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The Vault at PfaffsAn Archive of Art and Literature by the Bohemians of Antebellum New York
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Text for Page 085 [12-02-1861]

              74
		Police Brutality.
manifested in their treatment of prisoners.  There
was borne into the station-house, a drunken
man, probably a sailor, who appeared so utter-
ly inebriated that I thought him a corpse, at
first, or that he had been rendered insensible
by some horrible accident.  While he lay on the
floor, one of the sergeants, an abrupt, surly,
arbitrary fellow, less than thirty in age, beat
him about the legs and the soles of his feet
with a locust-club by way of reviving him.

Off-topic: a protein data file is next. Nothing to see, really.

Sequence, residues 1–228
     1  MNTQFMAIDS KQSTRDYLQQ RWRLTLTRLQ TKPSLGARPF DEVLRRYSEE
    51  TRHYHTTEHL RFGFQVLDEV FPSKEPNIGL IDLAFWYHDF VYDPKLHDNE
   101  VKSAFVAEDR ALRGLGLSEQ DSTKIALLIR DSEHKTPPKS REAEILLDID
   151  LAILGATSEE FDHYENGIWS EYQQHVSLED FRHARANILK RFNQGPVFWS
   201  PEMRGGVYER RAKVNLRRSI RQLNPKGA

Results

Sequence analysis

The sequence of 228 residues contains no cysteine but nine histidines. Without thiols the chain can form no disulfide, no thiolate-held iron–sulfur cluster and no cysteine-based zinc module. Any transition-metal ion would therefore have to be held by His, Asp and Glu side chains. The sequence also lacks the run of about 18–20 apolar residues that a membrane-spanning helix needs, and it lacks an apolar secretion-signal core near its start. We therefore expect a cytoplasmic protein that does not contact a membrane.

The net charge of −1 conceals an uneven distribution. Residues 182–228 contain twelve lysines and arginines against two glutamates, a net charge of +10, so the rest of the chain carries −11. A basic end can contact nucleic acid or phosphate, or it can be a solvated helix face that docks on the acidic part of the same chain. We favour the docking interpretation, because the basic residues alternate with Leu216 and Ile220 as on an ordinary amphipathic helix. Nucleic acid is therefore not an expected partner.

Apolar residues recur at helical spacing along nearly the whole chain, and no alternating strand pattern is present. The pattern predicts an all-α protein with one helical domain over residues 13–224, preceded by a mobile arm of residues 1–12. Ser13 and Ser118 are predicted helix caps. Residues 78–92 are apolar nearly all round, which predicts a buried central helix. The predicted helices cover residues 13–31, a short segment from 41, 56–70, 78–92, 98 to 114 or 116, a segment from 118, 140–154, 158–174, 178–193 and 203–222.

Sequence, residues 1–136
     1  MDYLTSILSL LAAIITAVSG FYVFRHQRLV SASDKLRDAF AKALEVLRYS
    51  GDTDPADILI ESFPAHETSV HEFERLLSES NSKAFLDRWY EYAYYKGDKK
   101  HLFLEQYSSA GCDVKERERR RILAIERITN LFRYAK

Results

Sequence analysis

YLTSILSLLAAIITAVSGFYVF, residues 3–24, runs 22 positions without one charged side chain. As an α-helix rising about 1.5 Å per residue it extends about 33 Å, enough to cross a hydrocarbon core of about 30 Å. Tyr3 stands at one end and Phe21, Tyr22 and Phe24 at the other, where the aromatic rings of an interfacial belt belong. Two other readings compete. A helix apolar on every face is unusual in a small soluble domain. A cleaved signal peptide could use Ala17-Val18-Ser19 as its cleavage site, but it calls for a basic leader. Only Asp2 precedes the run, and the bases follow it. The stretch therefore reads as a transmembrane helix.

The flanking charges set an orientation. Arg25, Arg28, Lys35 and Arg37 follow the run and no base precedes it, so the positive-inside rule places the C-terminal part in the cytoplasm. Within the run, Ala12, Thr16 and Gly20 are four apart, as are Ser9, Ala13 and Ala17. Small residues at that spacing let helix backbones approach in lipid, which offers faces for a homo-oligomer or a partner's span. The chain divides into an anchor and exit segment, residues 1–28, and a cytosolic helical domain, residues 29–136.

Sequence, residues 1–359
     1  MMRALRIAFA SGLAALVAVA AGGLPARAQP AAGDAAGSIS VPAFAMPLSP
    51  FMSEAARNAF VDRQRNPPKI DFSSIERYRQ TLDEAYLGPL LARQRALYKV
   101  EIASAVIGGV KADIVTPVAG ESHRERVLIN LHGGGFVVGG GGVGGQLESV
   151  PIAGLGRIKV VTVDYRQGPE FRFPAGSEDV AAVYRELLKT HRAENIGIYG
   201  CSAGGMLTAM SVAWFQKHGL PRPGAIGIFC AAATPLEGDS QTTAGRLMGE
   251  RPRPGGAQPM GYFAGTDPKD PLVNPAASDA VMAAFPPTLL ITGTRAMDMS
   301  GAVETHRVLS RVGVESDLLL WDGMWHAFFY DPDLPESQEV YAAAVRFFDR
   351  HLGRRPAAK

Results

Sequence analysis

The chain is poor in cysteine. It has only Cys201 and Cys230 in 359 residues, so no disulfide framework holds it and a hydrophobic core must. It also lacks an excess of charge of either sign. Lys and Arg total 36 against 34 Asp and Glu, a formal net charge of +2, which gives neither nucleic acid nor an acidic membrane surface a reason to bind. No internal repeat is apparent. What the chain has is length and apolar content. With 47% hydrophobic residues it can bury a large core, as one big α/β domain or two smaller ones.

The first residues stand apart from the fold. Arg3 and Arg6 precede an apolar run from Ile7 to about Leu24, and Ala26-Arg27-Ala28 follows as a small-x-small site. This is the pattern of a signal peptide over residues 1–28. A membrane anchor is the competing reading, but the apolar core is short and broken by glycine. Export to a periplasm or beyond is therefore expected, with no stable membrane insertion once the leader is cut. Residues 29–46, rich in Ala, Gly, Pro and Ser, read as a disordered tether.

Succeeding by these gentle means, when the man,
(a heavy, ruffianly-looking fellow) was hoisted
to his feet, the Sergeant butted him twice or
thrice brutally in the face, with the top and
edge of the hard glazed hat he wore on his head.
The other policemen enjoyed the spectacle. Wil-
liams asserted that the sailor was only �sham-
ming� and �ugly� � a very common assump-
tion, I fancy.          Of all tyrants and brutes
I think the low American, of Irish antecedents
is the worse extant.       Out into the sharp,
ice-cold night and deserted streets at 11, to
the corner of Liberty street and Broadway to
deliver my �duplicates,� then up-town by a 6th
avenue car and to bed by midnight.         Cahill
up for five minutes.
  4.  Wednesday.   Doing Beach�s drawing,               
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